Special education service coordination and accountability are often areas where charter schools and their authorizers experience conflict and tension. And too often school districts and charters end up fighting over resources and control rather than focusing on how they can work together to promote the best interests of kids. A partnership between Los Angeles Unified School District (LAUSD) and the California Charter Schools Association (CCSA) is proving that collaboration is possible and can lead to both greater innovation and equity in providing services to students with special needs. Gina Plate, Senior Special Education Advisor at CCSA, writes about the partnership in the Chronicle of Social Change and explains that it allows charters to maintain the autonomy that all schools need to be successful while keeping them connected to their partner public schools in LAUSD so that they can share best practices and demonstrate what is possible when schools are trusted with flexibility and held accountable for performance. Anyone wanting to learn more about this exciting partnership should join hundreds of the country’s authorizers and charter sector leaders at NACSA’s 2013 Leadership Conference, October 21-24 in San Diego. Gina will join her colleagues Sydney Quon at LAUSD, David Toston from EdCoe, and Lauren Rhim from the National Center for Special Education in Charter Schools to explore the challenges and opportunities presented by new approaches to special education coordination and collaboration and how these approaches might have promise for improving special education services for charter schools nationwide.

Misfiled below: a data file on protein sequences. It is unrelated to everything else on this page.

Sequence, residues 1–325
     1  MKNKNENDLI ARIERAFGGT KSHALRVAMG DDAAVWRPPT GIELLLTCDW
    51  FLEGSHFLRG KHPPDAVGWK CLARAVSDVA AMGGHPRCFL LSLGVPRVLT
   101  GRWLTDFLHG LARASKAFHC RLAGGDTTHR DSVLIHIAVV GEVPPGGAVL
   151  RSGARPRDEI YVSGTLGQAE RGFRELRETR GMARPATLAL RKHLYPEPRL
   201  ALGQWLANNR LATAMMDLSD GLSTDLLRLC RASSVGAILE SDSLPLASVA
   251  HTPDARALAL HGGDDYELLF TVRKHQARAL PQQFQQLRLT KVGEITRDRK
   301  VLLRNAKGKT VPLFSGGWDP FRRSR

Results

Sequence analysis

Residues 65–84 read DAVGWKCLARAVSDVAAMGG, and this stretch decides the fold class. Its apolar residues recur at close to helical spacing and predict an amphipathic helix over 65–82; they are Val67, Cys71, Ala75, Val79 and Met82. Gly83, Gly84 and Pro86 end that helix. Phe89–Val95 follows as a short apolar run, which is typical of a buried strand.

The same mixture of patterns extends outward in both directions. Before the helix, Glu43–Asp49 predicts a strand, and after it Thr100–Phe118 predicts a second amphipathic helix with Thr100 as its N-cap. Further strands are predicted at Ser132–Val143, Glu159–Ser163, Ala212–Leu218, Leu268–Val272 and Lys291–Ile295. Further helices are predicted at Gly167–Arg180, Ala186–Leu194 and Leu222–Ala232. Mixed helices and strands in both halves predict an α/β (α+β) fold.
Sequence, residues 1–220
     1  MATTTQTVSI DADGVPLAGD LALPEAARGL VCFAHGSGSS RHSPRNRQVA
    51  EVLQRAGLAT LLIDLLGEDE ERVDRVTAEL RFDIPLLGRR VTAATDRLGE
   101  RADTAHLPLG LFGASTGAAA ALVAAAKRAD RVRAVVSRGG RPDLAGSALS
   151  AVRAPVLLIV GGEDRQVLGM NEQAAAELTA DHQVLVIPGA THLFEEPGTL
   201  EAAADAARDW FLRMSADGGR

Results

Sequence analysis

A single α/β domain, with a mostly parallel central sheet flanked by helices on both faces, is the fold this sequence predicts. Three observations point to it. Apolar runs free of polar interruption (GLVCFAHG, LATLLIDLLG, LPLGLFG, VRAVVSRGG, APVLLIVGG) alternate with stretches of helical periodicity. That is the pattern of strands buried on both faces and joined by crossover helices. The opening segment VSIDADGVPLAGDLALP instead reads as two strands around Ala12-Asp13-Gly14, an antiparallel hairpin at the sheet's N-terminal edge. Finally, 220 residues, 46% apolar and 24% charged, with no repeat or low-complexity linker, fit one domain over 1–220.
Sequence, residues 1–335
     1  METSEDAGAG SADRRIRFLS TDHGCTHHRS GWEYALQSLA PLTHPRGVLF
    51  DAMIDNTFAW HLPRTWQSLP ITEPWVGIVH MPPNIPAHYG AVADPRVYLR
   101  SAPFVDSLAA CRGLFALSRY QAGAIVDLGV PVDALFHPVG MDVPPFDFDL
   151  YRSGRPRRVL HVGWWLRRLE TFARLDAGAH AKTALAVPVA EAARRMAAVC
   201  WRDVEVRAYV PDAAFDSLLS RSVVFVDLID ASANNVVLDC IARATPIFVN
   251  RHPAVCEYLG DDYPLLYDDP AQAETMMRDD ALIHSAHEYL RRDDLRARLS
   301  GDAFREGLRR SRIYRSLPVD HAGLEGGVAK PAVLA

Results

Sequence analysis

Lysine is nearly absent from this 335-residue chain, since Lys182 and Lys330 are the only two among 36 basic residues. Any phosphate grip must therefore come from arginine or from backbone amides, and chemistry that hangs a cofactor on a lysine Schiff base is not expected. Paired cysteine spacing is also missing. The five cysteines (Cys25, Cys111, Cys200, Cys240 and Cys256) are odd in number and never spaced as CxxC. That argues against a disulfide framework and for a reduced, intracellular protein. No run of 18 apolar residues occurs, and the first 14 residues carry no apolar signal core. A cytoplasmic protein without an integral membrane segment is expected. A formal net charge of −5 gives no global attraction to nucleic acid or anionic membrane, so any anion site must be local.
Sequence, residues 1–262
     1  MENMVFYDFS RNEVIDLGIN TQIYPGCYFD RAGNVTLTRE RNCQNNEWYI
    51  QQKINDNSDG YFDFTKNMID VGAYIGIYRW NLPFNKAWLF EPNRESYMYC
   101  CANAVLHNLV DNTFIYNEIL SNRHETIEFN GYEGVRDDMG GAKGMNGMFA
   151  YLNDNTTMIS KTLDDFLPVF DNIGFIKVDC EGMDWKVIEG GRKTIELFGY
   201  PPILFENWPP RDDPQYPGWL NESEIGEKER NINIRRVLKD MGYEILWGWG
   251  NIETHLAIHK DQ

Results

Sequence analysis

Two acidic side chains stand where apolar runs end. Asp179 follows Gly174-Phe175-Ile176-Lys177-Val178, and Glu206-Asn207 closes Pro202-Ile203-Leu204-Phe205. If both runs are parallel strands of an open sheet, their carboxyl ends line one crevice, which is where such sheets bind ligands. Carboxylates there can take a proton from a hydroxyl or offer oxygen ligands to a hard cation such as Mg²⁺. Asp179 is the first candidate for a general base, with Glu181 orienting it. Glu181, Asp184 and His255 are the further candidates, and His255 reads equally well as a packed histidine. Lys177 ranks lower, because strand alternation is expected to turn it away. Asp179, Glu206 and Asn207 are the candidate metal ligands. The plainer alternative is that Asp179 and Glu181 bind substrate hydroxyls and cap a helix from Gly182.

New NACSA Report: Leadership, Commitment, Judgment: Elements of Successful Charter School Authorizing
What exactly do great authorizers do differently to achieve stellar outcomes? NACSA set out to answer this question three years ago, and we’re proud to share our findings.